Children usually progress in a natural, predictable
sequence from one developmental milestone to the next. But each child grows and
gains skills at his or her own pace. Some children may be advanced in one area,
such as language, but behind in another, such as sensory and motor
Milestones usually are categorized into five major
areas: physical growth, cognitive development, emotional and social
development, language development, and sensory and motor development.
Physical growth and development
Most children by age
Have grown a total of about
10 in. (25 cm) in length
since birth and measure somewhere between
28 in. (71 cm) to
32 in. (81 cm). Somewhere
between 9 and 12 months of age, many babies have tripled their birth weight.
After their first birthday, babies start gaining weight and growing at a slower
Have grown in head circumference (the measurement around the
top of the head). The head circumference of most babies is 18 in. (46 cm). The soft spots, or
fontanelles, of the skull have started closing. But
they won't completely grow together until sometime between the 9th and 18th
Still have a "baby" look. Your child's head is large in
proportion to the rest of his or her body. His or her tummy sticks out, which
can add to an overall "chubby" appearance.
Are curious about everyday objects and how they
work. Your child may try turning knobs, pushing buttons, and opening drawers
Start to remember things that happened a few hours
or even a day ago. Your child may show this new skill by doing a simple thing,
such as stacking blocks or getting excited when you talk about going to the
Can find an object that they watch you hide. For example,
if your child watches you cover a teddy bear with a blanket, he or she can
"find" the teddy bear by removing the blanket.
Like to play
Emotional and social development
Most children by
Interact mostly with parents and other primary
caregivers. They do not show much of an interest in playing with other
children. But they do engage in "parallel play." This is when children play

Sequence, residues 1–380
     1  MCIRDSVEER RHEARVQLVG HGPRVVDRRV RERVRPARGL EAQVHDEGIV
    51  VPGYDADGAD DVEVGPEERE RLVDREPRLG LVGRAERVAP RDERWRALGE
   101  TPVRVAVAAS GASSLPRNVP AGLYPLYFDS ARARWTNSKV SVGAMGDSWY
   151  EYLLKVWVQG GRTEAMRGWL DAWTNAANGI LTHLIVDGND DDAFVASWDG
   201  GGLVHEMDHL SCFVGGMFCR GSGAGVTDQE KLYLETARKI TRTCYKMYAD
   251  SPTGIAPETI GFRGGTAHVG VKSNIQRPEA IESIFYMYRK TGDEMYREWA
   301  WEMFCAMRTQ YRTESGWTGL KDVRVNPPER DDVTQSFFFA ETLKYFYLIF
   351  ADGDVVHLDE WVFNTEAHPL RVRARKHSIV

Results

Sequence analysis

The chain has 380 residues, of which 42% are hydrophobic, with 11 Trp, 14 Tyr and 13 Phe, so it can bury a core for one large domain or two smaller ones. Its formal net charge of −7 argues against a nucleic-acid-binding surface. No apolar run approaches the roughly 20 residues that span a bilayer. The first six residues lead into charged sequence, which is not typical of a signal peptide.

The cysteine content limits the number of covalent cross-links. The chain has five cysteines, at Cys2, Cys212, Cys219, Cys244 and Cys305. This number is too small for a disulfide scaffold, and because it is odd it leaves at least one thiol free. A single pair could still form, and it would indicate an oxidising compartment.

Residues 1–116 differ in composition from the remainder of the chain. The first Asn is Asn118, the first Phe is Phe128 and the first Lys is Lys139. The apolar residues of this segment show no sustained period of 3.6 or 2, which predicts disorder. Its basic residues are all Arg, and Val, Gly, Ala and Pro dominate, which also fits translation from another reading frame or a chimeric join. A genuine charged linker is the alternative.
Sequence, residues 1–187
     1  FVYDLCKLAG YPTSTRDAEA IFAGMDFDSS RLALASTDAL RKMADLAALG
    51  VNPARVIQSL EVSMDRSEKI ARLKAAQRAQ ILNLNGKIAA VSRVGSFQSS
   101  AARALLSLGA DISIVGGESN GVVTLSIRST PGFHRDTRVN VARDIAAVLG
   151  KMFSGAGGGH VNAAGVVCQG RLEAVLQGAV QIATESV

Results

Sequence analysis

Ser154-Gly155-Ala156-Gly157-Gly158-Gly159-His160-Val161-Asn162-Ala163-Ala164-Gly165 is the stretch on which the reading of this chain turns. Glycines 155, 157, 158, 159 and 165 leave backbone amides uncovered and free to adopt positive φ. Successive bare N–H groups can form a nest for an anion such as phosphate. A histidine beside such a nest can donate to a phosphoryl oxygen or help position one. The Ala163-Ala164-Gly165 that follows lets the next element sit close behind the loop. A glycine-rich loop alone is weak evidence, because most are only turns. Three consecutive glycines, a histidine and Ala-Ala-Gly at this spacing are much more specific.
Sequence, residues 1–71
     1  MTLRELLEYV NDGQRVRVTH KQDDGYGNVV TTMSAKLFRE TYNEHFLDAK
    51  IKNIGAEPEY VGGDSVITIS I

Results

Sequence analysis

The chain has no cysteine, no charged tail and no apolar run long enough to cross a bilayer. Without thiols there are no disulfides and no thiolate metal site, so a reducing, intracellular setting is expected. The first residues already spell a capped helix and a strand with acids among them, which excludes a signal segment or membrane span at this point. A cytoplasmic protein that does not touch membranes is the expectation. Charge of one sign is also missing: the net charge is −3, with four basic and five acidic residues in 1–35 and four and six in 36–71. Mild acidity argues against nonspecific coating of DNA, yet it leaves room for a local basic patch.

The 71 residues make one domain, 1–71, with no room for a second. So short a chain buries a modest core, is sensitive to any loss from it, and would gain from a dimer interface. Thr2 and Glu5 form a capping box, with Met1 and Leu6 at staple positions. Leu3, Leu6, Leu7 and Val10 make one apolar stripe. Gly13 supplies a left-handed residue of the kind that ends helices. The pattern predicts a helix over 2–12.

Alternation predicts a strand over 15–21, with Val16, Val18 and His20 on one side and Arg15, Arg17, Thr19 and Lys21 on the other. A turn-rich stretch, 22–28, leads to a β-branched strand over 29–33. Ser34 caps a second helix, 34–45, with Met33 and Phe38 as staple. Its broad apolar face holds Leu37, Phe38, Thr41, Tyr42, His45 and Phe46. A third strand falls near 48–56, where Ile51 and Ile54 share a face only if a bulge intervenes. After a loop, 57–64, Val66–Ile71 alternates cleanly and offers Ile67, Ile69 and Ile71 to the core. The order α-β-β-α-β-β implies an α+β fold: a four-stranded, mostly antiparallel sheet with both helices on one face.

next to or alongside each other but don't interact.
"flirt" with parents and other caregivers. They giggle, show off, and seek
Begin to understand permanence—that people and objects
still exist even when they are out of sight. Early on, before this concept is
learned, some children may continue to have or seem to have a relapse of
separation protest. This condition is when children feel uneasy and anxious
when a parent or another caregiver leaves.
Most children by age 1:
Experiment by making different sounds, such as
"ptthhh," or repeat sounds, such as "ba-ba-ba-ba." Many toddlers favor
practicing the "b" and "d" sounds. They may jabber a long string of sounds with
tone and inflection that sound like conversation.
Can identify each
parent, often by name ("mama," "dada").
Sometimes repeat right away
a sound they hear when someone is talking.
Can say at least 3
Recognize their own names. They may also look at family
members or pets when you talk about them. Typically, babies this age understand
some familiar words, although they are still guessing about many other words
and their meanings.
Sensory and motor development
Most children by age
Like to put things in their mouths. This is
their way to find out about an object.
Pull up to a standing position
by holding onto furniture or other solid objects.
while holding on to furniture) or walk on their own.
grasping objects, such as a piece of cereal, with their thumb and second finger
("pincer grasp"). Most children use the pincer grasp by the time they are about
10 months of age.
How this information was developed to help you make better health decisions.